Retired Gen. H. Norman Schwarzkopf dies at 78


Gen. H. Norman Schwarzkopf, who presided over the swift and devastating 1991 military assault on Iraq that transformed the Middle East and reminded America what it was like to win a war, died Thursday of complications from pneumonia. He was 78.

The former four-star general, whose burly image towering in camouflage fatigues above his troops came to define both Operation Desert Storm and the nation’s renewed sense of military pride, had been living in relatively quiet retirement in Tampa, Fla., eschewing the political battles that continued to broil over a part of the world he had left as a conqueror.

“We’ve lost an American original,” the White House said in a statement. “Gen. Schwarzkopf stood tall for the country and Army he loved. Our prayers are with the Schwarzkopf family, who tonight can know that his legacy will endure in a nation that is more secure because of his patriotic service.”


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Former President George H.W. Bush, hospitalized himself with an illness in Texas, called Schwarzkopf “a true American patriot and one of the great military leaders of his generation.”

Schwarzkopf, often called “Stormin’ Norman” for his legendary temper, was best known for commanding a 765,000-strong force of allied international troops that drove former Iraqi President Saddam Hussein’s forces out of Kuwait six months after they’d overrun the tiny Gulf oil sheikdom, terrorized its citizens and taken over its oil fields.

It was an operation fraught with peril: Iraq had the fourth-largest Army in the world; it was equipped with a large arsenal of Soviet-supplied weaponry; it had dispatched its elite Republican Guard forces into key defensive positions; and the Iraqi president warned he had fortified the borders with moats of oil that could be set afire and turned into deathtraps for any U.S. forces that dared to venture across.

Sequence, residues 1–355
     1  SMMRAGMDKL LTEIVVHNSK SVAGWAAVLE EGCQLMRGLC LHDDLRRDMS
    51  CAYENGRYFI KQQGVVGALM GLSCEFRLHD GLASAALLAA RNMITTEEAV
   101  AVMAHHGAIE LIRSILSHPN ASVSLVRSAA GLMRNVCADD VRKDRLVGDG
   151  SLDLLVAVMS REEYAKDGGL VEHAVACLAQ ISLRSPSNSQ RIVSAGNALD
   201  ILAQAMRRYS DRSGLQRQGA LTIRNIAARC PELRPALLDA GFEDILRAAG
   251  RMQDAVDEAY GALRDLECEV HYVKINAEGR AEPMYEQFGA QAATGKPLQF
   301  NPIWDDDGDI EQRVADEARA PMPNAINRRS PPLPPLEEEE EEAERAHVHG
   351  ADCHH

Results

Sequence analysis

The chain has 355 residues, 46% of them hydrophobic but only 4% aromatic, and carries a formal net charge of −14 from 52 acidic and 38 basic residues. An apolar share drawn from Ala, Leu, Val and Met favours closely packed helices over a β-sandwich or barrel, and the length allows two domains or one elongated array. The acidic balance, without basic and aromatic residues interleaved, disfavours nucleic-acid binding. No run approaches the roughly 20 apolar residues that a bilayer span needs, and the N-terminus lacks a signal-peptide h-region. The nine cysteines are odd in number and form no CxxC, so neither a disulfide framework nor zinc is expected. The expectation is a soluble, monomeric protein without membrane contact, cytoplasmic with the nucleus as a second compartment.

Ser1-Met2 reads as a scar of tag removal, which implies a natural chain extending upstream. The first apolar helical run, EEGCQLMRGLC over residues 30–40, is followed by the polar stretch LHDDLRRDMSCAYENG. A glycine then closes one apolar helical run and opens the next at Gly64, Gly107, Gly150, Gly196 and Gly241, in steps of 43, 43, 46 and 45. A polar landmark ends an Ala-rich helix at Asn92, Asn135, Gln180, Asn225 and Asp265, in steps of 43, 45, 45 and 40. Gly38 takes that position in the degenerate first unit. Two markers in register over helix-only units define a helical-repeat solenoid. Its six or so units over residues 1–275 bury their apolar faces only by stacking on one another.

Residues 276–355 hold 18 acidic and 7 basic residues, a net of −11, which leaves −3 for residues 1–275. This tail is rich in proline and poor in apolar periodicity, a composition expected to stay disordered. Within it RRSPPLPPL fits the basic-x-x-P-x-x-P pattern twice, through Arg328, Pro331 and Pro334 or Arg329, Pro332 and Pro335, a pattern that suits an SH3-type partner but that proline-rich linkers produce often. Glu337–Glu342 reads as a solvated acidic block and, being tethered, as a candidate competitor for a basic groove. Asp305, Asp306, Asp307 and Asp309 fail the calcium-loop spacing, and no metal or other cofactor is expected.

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But Schwarzkopf, with an eerie degree of prescience, had rehearsed a battle with Iraq only days before the country’s August 1990 invasion of Kuwait and began putting it into place, convincing the leadership in Washington that the war could be won with a combination of forceful American air power and an overwhelming array of troops on the ground.


In the end, after weeks of pounding by American bombers and missiles, the ground war was over in just 100 hours, with U.S. battle casualties limited to 147 dead and 467 wounded.

On the decision of then-President Bush and Army Gen. Colin L. Powell, chairman of the Joint Chiefs of Staff, Schwarzkopf agreed to end the war short of demolishing the Republican Guard and taking down Saddam Hussein — a decision that would dog him for the rest of his life, especially as the U.S. went to war once again against Iraq in 2003.

To the end, Schwarzkopf insisted he had accepted the decision as the right one, even if he had not embraced it with enthusiasm — continuing to inflict carnage on retreating Iraqi forces for another day would have done little to upset the balance of power in the region and might have risked more American casualties, he said.